The Chinese Cultural Revolution (1966-1976), also called the Great Proletarian Cultural Revolution, was one of the most tumultuous periods in modern Chinese history. During this turbulent decade, many events happened in China: the Red Guards movement; the nationwide revolutionary rebels and great chaos; the fall of Liu Shaoqi, Deng Xiaoping and other party and state leaders; the military intervention; the forming of revolutionary committees to replace local part committees and administrative bodies; the Lin Biao affair; the movement to send millions of youth and intellectuals to countryside; the campaign to criticize Lin Biao and Confucius; the Tiananmen Square incident; and so on. It wounded many Chinese people in all strata deeply. During the different stages of the Cultural Revolution, millions of people were killed, committed suicide, or suffered unspeakable hardships both physically and psychologically.
The Cultural Revolution involved virtually all Chinese people and indirectly many other countries in the world. During the Cultural Revolution, revolutionary art, music, and dramas were pursued, and major reforms in education, factory management, economic planning, medical care, and other areas of Chinese life were carried out. Many of these actually brought bitterness and injury to the Chinese people. During this turbulent decade, China also encountered difficulties, setbacks, and isolation in the international relations area in the late 1960s, and made some efforts to improve relations with other countries and expand its diplomatic base in the 1970s.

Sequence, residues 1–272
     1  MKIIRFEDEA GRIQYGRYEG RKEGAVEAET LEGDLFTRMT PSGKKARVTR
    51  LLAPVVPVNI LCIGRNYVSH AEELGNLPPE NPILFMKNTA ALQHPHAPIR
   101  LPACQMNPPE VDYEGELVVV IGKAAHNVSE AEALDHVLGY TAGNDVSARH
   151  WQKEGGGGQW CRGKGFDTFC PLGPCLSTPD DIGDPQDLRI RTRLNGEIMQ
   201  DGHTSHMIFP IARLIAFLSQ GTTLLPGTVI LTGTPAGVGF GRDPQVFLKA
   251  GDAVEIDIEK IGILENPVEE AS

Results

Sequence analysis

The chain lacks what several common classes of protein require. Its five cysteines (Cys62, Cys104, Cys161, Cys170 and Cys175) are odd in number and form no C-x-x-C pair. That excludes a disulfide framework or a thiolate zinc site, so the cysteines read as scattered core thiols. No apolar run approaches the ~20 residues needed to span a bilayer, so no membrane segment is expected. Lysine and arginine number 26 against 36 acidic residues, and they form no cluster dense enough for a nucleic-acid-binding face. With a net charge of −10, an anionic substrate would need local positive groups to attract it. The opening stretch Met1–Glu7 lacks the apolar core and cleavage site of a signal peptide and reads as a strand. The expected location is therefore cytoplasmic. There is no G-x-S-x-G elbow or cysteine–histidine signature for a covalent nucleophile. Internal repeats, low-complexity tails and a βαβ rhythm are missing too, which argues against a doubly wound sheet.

Over the past three decades, studies of the Cultural Revolution have been well underway and thousands of works have been published in Chinese and in Western languages. Some works have given scholarly analyses and explanations of the Cultural Revolution. Many works have criticized, condemned, or